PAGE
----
Sexual Violence Awareness

Sexual violence can occur in any community and impacts the health and wellbeing of people of all ages, genders, races, religions, and other identities. Sexual assault is a type of sexual violence defined as forced, coerced, or unwanted sexual contact. In Texas, more than one third of adults have experienced some form of sexual assault at some point in their lives. Young women and men under the age of 24 years are most vulnerable for experiencing sexual assault. Because young adults are a group that frequently encounter sexual violence within their social circles, it is important to understand the following facts about sexual assault:

  • While women (2 in 5) are most at risk for sexual assault, men (1 in 5) are also frequently sexually assaulted.
  • In 2017, the vast majority of sexual assaults in Texas occurred within a residence or home and were perpetrated by someone the victim knew and could identify.
  • Sexual assault is never caused by a victim’s actions or inactions. This crime occurs when a perpetrator chooses to force sexual activity on another person without gaining legitimate consent.
  • Consent is verbal, enthusiastic, affirmative and ongoing engagement in the activity. Any person involved in a sexual or romantic activity may withdraw their consent anytime.
  • False reporting of sexual violence is very rare (2 to 7%), while under-reporting is very common. Up to 77% of sexual assaults are never reported to officials.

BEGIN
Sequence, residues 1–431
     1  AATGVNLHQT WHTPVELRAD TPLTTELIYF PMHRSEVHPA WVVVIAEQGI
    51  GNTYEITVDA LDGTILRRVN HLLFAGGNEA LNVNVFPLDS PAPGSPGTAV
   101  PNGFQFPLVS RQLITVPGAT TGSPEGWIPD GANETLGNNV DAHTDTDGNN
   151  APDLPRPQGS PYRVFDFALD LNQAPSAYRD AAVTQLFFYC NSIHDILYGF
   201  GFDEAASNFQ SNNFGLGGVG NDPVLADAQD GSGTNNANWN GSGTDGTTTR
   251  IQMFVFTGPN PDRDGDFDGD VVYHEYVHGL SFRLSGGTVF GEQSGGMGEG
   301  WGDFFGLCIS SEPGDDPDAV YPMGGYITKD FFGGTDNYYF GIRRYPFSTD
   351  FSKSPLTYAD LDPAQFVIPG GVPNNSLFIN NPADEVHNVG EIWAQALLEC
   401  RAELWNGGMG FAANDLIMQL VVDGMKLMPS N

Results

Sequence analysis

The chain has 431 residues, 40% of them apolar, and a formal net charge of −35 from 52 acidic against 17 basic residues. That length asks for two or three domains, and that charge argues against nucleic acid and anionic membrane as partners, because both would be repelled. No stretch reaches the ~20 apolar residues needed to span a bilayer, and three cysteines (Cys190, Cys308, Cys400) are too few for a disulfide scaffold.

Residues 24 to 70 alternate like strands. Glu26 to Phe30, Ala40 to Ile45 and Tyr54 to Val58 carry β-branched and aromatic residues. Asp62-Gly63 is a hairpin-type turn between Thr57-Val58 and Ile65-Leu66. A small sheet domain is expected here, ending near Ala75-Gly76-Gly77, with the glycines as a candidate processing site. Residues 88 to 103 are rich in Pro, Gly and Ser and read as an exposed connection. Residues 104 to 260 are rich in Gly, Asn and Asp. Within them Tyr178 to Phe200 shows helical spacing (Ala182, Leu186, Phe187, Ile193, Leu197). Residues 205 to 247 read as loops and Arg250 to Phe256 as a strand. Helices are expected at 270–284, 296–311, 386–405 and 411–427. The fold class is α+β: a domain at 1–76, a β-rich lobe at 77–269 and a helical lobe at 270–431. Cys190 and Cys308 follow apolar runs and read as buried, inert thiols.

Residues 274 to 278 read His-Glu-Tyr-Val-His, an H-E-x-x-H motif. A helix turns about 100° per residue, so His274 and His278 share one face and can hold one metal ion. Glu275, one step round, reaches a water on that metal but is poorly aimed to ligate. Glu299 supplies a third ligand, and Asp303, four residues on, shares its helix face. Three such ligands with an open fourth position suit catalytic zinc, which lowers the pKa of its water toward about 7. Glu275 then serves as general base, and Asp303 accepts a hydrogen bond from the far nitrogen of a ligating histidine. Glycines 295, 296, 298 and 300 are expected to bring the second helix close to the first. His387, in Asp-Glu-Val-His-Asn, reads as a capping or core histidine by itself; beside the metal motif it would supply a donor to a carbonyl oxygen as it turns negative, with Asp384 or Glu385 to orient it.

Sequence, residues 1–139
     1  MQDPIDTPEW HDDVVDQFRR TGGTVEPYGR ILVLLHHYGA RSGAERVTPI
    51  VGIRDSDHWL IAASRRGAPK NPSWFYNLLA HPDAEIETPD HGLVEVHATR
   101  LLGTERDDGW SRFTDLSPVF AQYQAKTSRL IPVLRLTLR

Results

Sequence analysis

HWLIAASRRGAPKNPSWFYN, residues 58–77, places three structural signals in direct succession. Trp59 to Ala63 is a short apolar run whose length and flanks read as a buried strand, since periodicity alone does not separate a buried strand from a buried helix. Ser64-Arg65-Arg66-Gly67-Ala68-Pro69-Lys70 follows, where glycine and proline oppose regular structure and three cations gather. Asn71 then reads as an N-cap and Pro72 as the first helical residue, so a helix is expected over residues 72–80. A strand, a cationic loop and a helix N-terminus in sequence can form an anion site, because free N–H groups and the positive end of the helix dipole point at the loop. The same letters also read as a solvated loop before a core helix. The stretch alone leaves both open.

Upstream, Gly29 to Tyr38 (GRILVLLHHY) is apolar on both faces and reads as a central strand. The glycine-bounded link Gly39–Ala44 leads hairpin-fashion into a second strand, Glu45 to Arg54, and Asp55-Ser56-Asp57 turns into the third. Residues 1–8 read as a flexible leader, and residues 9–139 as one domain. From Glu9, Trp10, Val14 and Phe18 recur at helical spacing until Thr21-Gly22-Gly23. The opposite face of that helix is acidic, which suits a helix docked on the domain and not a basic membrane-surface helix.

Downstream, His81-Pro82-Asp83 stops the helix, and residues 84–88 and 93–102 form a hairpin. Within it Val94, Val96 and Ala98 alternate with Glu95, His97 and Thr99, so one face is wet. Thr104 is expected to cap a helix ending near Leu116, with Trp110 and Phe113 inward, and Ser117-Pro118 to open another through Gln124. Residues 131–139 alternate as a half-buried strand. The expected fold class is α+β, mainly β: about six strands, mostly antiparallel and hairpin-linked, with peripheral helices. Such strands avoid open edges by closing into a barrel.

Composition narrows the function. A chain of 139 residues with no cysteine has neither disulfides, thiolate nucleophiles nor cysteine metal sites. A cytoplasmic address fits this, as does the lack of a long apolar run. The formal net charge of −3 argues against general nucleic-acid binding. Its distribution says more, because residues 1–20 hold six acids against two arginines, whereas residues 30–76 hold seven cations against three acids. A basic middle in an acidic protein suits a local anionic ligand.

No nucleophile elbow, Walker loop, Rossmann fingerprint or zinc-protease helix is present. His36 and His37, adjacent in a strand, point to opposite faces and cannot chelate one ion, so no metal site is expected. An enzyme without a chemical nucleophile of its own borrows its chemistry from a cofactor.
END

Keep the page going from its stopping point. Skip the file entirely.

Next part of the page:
Intimate Partner Violence Awareness

Intimate partner violence (also known as domestic or dating violence) may occur in marriage, cohabiting, or dating relationships and includes multiple types of abusive behavior including sexual violence, bodily injury, emotional manipulation, financial abuse, threatening behaviors, and stalking. These behaviors frequently occur in a relationship cycle, wherein tensions escalate within the relationship, the abuser then acts out against his or her partner, after which the abuser may lavish his or her partner with gifts and extra affection to make up for their violent or manipulative outbursts. The cycle repeats itself regularly, causes damaging relationship strain, and negatively impacts the health and livelihood of those involved. Texas has very high rates of intimate partner violence (IPV). In 2011, a statewide report found that 1 in 3 adult Texans have experienced IPV in their lifetimes. Because this kind of relationship abuse is common, it is important to know the following facts and seek immediate help from officials if you know of someone in this situation:

  • Both women and men can become victims of intimate partner violence. In Texas, nearly 38% of women and 27% of men have experienced some form of IPV.
  • Intimate partner violence accounts for 15% of all violent crime in the United States.
  • Physical violence in IPV situations can manifest in many forms, including but not limited to grabbing, scratching, pushing, slapping, hitting, choking, burning, or threatening with a weapon. This behavior is criminal and does not need to result in an injury to be reported to officials.
  • Sexual assault can occur within a sexual relationship, including marriage. In 1993, marital/spousal rape became recognized as a crime in all 50 states.
  • Victims of intimate partner violence are still at a high risk for more violence even after they leave their abusive partner. In 2016, 146 women were murdered by a male intimate partner, and 40% of those women had ended the relationship or were in the process of leaving their abuser.

Violence Prevention Programs